The version I saw is apparently the third filmed version of Dashiell Hammett's legendary novel. I saw the Humphrey Bogart one, which is the one that people talk about when they refer to The Maltese Falcon
Bogart (who is not a pretty man) stars as detective Sam Spade of Spade and Archer detectives. A young woman shows up and asks for the firms help in finding her sister. Spade's partner is then killed, which leads Spade to question just what the hell is going on.
To complicate matters, Spade was having an affair with his partners wife, which leads the cops to think that he may have been involved.
And where does the Maltese Falcon fight in?
This is an excellent film. The only complaint I might have is that the love interest is underplayed: there's no real reason for them to be in love. However, this is made up for by the fantastic conclusion to that love.
Sam Spade is not only a great detective, he's also a dick. Which is great. And since he doesn't work for the cops, he doens't have to worry about having his badge and his gun taken.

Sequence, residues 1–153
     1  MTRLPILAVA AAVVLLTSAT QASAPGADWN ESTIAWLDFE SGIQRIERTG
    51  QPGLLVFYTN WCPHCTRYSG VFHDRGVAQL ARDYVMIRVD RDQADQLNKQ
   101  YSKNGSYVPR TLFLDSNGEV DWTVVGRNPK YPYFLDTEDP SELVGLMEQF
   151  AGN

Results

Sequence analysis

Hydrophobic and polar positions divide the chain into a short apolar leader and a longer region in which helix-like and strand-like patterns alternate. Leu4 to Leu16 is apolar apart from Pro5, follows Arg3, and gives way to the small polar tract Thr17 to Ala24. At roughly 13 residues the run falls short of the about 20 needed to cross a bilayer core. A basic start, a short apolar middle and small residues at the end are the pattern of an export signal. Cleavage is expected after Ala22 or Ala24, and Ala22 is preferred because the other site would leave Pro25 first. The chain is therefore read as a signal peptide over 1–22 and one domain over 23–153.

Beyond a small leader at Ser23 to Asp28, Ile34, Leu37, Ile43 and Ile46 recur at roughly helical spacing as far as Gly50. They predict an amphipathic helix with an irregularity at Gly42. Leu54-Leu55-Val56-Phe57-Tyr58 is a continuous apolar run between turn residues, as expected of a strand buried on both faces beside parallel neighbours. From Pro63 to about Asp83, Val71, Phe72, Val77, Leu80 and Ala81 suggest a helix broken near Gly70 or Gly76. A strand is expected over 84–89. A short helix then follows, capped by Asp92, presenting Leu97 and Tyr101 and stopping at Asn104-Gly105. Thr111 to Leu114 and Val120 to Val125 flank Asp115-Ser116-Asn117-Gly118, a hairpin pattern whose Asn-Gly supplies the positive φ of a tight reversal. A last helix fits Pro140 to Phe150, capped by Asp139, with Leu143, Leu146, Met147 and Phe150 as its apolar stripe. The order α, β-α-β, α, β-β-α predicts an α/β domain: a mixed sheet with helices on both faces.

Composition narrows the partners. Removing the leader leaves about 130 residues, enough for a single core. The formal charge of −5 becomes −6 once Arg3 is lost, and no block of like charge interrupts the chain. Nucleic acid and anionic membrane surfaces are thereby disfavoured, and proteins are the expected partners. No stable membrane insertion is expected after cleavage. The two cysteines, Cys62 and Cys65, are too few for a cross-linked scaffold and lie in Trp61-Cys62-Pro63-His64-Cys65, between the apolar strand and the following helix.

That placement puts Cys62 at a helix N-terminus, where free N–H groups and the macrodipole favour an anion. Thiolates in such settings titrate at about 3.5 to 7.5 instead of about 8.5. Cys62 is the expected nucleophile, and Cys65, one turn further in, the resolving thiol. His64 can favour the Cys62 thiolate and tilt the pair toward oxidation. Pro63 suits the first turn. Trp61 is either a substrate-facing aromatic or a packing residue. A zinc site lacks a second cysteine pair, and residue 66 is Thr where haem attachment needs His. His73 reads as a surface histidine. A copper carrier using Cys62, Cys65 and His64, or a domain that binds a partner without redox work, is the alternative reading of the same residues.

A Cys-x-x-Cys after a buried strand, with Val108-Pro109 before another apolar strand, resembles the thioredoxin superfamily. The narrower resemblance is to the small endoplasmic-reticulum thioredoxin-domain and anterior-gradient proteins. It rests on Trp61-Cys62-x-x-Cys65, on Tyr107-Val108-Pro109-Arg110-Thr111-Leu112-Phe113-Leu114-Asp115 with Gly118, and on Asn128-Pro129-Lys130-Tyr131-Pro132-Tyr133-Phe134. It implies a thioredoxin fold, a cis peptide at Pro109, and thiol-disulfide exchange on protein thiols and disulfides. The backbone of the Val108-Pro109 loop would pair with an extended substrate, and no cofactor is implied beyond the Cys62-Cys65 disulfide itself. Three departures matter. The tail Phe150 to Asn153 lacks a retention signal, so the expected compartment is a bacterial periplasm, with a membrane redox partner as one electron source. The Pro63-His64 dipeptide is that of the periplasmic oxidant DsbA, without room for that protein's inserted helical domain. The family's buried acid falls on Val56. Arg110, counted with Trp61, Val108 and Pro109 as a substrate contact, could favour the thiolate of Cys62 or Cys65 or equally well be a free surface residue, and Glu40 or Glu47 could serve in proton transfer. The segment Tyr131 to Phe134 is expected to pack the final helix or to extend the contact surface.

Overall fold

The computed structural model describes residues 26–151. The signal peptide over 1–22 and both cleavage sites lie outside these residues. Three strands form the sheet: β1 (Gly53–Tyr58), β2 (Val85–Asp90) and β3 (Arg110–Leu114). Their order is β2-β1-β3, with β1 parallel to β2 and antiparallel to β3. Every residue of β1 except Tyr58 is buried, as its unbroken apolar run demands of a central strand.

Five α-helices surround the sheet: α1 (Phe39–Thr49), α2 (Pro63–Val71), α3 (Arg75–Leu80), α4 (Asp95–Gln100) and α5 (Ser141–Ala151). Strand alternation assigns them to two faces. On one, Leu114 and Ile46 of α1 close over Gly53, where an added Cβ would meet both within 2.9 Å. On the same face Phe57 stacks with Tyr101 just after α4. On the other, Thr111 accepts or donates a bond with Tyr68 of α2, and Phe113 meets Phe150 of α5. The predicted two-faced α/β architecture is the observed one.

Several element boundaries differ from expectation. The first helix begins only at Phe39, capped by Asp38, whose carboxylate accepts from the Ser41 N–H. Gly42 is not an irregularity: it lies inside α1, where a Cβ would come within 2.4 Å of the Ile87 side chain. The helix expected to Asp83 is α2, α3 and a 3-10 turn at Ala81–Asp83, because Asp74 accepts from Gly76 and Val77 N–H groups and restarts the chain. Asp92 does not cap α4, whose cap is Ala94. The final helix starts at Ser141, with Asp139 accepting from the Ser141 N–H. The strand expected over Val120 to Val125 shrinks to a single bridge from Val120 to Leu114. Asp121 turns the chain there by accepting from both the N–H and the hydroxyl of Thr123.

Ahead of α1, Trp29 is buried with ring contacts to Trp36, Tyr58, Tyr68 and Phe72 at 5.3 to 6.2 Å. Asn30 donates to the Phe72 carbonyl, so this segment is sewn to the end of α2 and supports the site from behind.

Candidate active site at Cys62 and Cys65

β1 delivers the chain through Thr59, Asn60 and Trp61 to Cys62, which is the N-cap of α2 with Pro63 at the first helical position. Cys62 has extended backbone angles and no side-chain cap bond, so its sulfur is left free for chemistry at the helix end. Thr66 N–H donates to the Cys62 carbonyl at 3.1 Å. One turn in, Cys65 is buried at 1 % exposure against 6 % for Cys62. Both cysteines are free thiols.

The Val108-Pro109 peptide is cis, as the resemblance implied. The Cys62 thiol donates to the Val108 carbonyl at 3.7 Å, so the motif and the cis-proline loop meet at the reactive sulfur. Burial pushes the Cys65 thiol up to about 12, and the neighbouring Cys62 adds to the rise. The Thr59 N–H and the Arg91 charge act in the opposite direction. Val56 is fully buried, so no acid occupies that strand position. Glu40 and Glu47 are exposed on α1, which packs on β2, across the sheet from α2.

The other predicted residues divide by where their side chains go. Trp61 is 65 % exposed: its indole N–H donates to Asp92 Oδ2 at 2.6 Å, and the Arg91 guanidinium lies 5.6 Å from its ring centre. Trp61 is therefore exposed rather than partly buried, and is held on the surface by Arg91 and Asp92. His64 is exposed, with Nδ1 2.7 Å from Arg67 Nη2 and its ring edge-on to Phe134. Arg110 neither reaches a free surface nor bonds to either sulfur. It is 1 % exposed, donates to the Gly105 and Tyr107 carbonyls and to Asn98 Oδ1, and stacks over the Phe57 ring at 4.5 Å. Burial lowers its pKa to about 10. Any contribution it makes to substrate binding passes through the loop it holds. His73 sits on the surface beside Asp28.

The second film was Alfred Hitchcock's:
Dial M for Murder
This was based on a play and later remade as A Perfect Murder with Michael Douglas and Gwyneth Paltrow. Almost all the action takes place in one room and it's easy to see how this would have worked as a play.
We begin by finding out that the lead woman has been having an affair with an American crime novelist. The novelist is back in London, and she's going to see him again. While out, we find out that her husband knows that she's been cheating, and that he plans on killing her. He blackmails a man into attempting the job for him, and details every possibility. He calmly tells him his plan. Then we the viewer are left to figure out if it's going to happen like he said and what mistakes will be made. As the plot progresses the twists become more complex and interesting.
To be honest I wasn't quite sure who I should root for in this film, the murdering husband or his cheating wife.
This is another great movie.
Both of these films have extremely small casts and are filmed differently than the films of today. No time is wasted. If a character has to get to another place, very rarely do we see the character going there. There's just a edit and the character is opening a new door. Also, they don't have soundtracks but rather classical music to set the tone.